The number of homes for sale on the market fell for the fourth straight month in October as the already severe housing shortage persists.
A new report from Realtor.com released Thursday morning shows that the total number of homes for sale, including homes that were under contract but not yet sold, fell by 4% in October compared with the same time a year ago.
On top of that, available home supply remains down a stunning 41.8% from the typical amount before the COVID-19 pandemic began in early 2020, according to the report.
MORTGAGE CALCULATOR: SEE HOW MUCH HIGHER RATES COULD COST YOU
“The current housing market continues to challenge homebuyers and sellers alike, but we do see signs of adjustment,” said Danielle Hale, chief economist at Realtor.com. “While record-high mortgage rates are putting off many would-be buyers, decreases in both inventory and time homes spend on the market shows that some buyers are moving quickly to lock in rates before they can go any higher.”
Still, there are some signs of improvement on the inventory front. The report indicated that total inventory rose 5.1% in October from the previous month, even though typically the number of homes for sale declines in the fall.
HOME PRICES COULD SURGE OVER THE NEXT YEAR AS AFFORDABILITY CRISIS WORSENS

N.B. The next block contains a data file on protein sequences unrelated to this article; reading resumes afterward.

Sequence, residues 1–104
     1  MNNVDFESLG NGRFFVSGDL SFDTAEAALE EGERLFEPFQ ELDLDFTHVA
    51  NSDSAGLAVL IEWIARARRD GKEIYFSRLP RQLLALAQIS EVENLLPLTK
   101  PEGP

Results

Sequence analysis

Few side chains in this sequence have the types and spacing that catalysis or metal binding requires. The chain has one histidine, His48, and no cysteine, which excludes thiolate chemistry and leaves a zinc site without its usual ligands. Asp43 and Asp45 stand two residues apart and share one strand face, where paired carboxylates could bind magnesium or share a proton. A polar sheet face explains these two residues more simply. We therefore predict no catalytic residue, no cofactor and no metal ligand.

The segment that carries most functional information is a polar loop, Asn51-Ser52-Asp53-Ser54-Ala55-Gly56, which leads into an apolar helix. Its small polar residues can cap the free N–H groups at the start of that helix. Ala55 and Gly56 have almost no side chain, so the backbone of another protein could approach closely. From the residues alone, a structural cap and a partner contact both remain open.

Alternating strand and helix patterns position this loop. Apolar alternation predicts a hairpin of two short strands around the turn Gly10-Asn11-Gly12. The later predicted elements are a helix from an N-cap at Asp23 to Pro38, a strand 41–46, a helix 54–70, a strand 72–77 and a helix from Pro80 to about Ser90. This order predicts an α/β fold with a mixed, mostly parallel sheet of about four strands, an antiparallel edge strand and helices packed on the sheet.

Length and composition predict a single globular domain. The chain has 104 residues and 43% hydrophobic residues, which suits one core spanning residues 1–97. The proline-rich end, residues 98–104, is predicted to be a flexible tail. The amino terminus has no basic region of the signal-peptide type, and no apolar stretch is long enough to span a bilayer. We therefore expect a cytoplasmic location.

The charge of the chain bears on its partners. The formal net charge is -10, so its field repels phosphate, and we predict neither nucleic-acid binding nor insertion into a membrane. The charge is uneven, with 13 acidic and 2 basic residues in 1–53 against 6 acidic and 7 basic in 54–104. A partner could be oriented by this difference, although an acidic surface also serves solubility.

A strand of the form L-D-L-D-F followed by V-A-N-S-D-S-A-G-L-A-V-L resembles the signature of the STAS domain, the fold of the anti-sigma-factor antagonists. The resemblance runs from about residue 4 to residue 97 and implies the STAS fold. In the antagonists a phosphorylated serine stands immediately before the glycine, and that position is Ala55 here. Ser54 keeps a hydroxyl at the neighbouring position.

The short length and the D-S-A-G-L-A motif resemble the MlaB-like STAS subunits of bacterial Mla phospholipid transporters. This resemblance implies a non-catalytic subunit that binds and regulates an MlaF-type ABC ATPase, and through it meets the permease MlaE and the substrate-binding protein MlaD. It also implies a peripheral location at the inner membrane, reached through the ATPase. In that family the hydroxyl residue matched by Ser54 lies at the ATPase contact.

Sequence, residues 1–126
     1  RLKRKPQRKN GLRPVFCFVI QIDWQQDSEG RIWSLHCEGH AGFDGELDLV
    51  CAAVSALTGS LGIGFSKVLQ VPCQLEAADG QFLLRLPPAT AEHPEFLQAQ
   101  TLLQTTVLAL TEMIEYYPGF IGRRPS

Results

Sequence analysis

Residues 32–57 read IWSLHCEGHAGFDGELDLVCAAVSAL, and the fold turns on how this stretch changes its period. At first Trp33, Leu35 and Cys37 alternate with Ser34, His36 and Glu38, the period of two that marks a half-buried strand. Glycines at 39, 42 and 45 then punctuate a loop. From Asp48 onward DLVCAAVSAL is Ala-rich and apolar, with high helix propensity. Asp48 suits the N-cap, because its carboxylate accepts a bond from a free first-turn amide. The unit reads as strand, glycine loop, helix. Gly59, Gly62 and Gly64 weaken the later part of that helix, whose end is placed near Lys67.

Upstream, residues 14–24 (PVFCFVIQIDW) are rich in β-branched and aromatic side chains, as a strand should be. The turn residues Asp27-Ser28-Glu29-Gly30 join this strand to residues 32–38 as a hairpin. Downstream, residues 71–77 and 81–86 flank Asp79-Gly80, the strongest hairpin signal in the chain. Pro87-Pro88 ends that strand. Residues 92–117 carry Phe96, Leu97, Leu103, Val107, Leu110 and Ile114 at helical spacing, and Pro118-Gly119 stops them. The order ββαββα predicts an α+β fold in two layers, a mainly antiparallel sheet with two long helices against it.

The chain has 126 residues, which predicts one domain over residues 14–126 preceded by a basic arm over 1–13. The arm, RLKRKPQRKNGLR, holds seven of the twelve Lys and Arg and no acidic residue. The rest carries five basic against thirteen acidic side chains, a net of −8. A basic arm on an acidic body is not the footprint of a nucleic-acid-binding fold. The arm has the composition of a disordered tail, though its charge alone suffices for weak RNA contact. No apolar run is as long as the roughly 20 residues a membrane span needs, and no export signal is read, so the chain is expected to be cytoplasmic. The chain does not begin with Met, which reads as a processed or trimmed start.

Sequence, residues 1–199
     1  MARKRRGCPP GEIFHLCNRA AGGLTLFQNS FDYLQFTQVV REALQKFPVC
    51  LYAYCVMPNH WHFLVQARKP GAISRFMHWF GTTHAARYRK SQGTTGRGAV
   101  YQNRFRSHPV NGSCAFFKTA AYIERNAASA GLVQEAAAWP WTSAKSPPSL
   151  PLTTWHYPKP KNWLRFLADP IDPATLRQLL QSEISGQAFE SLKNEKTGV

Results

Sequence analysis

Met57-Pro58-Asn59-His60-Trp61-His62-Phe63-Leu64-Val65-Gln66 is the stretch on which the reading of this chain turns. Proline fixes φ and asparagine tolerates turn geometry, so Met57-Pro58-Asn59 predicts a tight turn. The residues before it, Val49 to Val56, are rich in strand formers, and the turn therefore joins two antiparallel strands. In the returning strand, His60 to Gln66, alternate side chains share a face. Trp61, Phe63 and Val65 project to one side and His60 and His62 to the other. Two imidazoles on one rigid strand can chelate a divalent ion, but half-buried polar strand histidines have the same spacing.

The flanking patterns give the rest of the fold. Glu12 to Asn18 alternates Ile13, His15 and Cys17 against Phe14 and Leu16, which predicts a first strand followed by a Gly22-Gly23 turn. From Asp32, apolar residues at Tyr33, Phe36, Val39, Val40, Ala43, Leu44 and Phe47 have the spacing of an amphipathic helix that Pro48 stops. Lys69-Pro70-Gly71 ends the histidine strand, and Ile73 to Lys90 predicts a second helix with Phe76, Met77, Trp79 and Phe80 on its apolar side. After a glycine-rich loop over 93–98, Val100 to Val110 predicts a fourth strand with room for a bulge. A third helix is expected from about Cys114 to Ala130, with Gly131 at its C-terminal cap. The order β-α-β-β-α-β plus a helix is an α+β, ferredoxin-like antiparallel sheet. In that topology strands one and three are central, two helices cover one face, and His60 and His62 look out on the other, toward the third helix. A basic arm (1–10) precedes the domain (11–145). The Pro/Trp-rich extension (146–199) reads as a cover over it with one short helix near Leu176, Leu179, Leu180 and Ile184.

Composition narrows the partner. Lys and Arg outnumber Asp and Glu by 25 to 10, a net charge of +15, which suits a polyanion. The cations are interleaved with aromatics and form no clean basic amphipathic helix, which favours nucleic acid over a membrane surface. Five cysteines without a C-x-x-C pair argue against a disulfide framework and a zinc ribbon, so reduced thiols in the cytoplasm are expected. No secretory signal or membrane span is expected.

The lack of available homes for sale is keeping prices uncomfortably high, even though mortgage rates are hovering near the highest level in two decades. Sellers who locked in a low mortgage rate before the pandemic began have been reluctant to sell, leaving few options for eager would-be buyers.
“Listing prices have been buoyed by scarce inventory and, while new home sales have been increasing, construction activity isn’t elevated enough to fully bridge the low inventory gap,” the report said.
While the median listing price is mostly unchanged from the same time last year, higher mortgage rates compared with October 2022 have increased the monthly cost of financing a typical home by about $166 per month, or 7.4%. That marks a new record “on top of what was already the highest amount” since Realtor.com began tracking the data in mid-2016.
That means in order to purchase a median-priced home, income needs to increase by $6,600 to $120,000.
The Federal Reserve’s aggressive interest-rate hike campaign sent mortgage rates soaring above 7% for the first time in nearly two decades last year. Rates have been slow to retreat, but home prices have remained stubbornly high as buyers deal with limited inventory.
Rates on the popular 30-year fixed mortgage are currently around 7.76%, Freddie Mac reported last week, well above the pre-pandemic average of 3.9%.